southern living food awards: pork and candy

bacon's heir pork clouds are a new, lighter way to enjoy a pork rind snack | www.gritsandchopsticks.com

Note: I was provided with free samples of Bacon’s Heir Pork Clouds and Shotwell’s Sea Salt Caramels in order to write this post, but I was not otherwise paid or compensated.

Last month, Southern Living announced their first-ever food awards, and I was lucky enough to get to sample two of this year’s winners: Bacon’s Heir Pork Clouds and Shotwell Candy Co.’s original salted caramels. Pork Clouds won the distinction of being one of the “Best Snacks,” while Shotwell’s took top honors in the “Best Sweets” category.

Of course, in a perfect world, I would’ve tried all 24 winners and 22 runners-up that were recognized by Southern Living. In a perfect world, I would have spent a healthy amount of time with my eyes half-closed, dreamily working through slow, methodical bites of each and every one of these delectable artisanal creations handmade throughout the Southeast. In a perfect world, I would be a professional snack taster, brought only the finest bite-sized pieces every day to eat to my heart’s content. But alas,  this is not a perfect world, so I got to try two of the winners. I’m not complaining, of course. If the other winning foods are anything nearly as unique and tasty as Pork Clouds and Shotwell’s original salted caramels, then there are 46 fine Southern foods out there that you kind of need to get your hands on immediately.

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easy refrigerator pickles

EASY-REFRIGERATOR-PICKLES

One of my favorite books as a kid was A Tree Grows in Brooklyn. I am a total geek about books, and I loved learning about the heroine, Francie, and her life in the greater context of living in impoverished Brooklyn during the early 1900s. One of my favorite passages has to do with how her mother creatively made do with the very limited food they could afford. At one point, Francie talks about how when she just couldn’t stomach the stale bread concoctions her mother cooked up, she’d save up her money and buy a giant sour pickle. Somehow, eating that pickle made food taste good again for her.

I kind of have the opposite problem. All food tastes good to me pretty much all the time, and I’m not malnourished on stale bread casserole. Nevertheless, I still need a good sour pickle every now and again to set me right. There’s something about the pucker and the crunch a good, solid pickle that makes for an intensely satisfying snack when nothing else seems right. I’ve also searched off and on for a few years to try to find the perfect pickle recipe. I haven’t been terribly successful, but I have to admit that I haven’t been exactly systematic about my search, either. I usually Google a few choice words and then settle on one of the first hits I get. Sigh. Pickle searching can be so exhausting.

Today I’m happy to announce that, for now at least, I’ve found a solid contender for great refrigerator pickles. This recipe by Ted Allen (host of “Chopped,” and formerly of “Queer Eye for the Straight Guy” fame)  produces tart, crunchy pickles, brimming with gently spicy flavor. They’re seriously addictive.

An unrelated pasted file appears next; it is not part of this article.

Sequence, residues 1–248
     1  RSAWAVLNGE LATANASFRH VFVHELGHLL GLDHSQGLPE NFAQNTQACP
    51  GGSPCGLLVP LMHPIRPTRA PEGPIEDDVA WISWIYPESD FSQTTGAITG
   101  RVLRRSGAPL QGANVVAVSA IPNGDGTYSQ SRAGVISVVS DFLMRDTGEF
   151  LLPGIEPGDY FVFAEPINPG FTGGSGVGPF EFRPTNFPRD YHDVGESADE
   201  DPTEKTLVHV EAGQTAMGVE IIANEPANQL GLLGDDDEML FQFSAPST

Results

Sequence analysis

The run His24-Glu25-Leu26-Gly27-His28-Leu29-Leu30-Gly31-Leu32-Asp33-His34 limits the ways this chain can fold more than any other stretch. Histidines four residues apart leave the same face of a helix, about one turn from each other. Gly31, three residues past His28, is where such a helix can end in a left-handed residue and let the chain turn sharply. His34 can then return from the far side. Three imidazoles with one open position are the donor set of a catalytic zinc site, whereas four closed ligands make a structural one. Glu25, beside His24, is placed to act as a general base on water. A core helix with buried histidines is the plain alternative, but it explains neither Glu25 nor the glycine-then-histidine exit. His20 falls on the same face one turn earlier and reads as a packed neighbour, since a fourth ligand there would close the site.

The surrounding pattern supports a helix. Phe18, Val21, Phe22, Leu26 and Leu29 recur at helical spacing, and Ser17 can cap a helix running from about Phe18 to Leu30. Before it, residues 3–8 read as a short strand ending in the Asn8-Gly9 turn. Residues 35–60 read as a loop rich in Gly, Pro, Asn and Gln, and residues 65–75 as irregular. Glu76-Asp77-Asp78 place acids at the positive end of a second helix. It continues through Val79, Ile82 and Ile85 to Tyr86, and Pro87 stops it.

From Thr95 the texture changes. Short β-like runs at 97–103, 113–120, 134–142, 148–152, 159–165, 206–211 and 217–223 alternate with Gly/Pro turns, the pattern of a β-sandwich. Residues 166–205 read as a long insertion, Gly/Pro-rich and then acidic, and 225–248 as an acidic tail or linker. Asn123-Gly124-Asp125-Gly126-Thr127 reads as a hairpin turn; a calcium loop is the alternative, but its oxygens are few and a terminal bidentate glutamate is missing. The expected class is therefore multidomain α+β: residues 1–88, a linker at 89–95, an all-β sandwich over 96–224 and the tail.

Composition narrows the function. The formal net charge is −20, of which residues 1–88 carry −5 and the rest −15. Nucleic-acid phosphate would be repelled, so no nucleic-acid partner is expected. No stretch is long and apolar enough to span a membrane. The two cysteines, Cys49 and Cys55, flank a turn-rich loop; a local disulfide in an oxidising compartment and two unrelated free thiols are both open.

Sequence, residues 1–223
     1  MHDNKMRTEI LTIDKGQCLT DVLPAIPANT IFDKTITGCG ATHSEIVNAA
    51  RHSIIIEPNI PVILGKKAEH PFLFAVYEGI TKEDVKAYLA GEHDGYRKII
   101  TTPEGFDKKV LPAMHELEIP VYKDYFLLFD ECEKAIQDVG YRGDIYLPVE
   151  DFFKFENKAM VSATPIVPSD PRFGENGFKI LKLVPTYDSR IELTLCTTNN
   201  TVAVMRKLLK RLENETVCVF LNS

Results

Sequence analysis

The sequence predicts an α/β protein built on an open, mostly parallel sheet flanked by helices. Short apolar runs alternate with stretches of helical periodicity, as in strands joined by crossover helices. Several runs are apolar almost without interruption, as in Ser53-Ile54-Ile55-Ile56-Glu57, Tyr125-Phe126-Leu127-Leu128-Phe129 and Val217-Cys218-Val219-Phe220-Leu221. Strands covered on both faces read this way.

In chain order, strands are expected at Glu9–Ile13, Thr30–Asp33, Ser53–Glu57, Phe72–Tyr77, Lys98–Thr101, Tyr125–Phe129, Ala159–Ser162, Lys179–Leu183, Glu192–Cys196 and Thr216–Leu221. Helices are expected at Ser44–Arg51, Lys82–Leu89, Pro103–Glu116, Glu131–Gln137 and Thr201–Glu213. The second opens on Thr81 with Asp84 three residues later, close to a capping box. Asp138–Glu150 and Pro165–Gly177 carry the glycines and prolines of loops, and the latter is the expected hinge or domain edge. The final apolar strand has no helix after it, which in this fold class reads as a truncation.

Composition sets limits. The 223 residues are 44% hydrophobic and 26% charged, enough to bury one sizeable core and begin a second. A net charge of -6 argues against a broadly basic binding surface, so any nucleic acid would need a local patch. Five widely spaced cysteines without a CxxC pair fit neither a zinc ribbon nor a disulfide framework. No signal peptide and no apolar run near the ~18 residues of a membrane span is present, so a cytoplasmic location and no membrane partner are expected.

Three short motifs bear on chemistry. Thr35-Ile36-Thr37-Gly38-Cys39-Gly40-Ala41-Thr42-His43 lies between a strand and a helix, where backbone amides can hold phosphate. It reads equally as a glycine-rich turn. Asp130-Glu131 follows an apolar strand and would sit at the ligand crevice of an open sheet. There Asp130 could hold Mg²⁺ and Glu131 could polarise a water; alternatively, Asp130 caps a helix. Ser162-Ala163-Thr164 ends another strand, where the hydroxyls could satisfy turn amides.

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recipe: grilled kofta with mint aioli

grilled-kofta

Kofta can be a little intimidating if you’ve never had it. In its simplest form, kofta is just a meatball, yet it seems like a frequently forgotten meat dish, pushed aside for more glamorous Mediterranean proteins such as kebabs or gyros. Today I’m going to show you how these little balls of meaty delight are very easy to make, especially on the grill. Grilled koftas have chin-dribbling juiciness and high impact flavor, since you can add all sorts of spices to punch up the meat.

I made grilled kofta out of lamb and beef a couple of weeks ago and quickly discovered that they can serve as a foundation of an easy weeknight meal with pita, salad, and lots of fresh garnishes. Although we’re no longer in food-avoidance/hate-eating mode in our house (due to Whole30; for a full list of the recipes that I made and our experiences, see here), the hubby and I have decided to adopt a cleaner, leaner way feeding our family at home. We still eat like kings when we’re out with friends or entertaining at home, though. “Bring me all the meats and cheeses in the land!” I’ll shout at anyone and everyone.

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certified angus beef: meat meet

angus certified beef

I am officially a Certified Angus Beef fangirl.

Posting has been light for the past week because we were in Charleston, and then the wonderful folks at Certified Angus Beef hosted me in Wooster and Cleveland, Ohio so that I could learn more about their high standards for beef, chefs, and their great steak. I met some amazing people and ate a lot of tender, melt-in-your-mouth steaks. I still haven’t fully recovered from the incredible hospitality they showed me.

I also discovered that I really, really enjoy cutting into a side of beef. It’s weirdly relaxing, therapeutic and exhilarating all at the same time. After the jump, I’m sharing some of my favorite images from the trip. I’m still working on a more detailed story, but I was too excited about everything I saw to keep these to myself.

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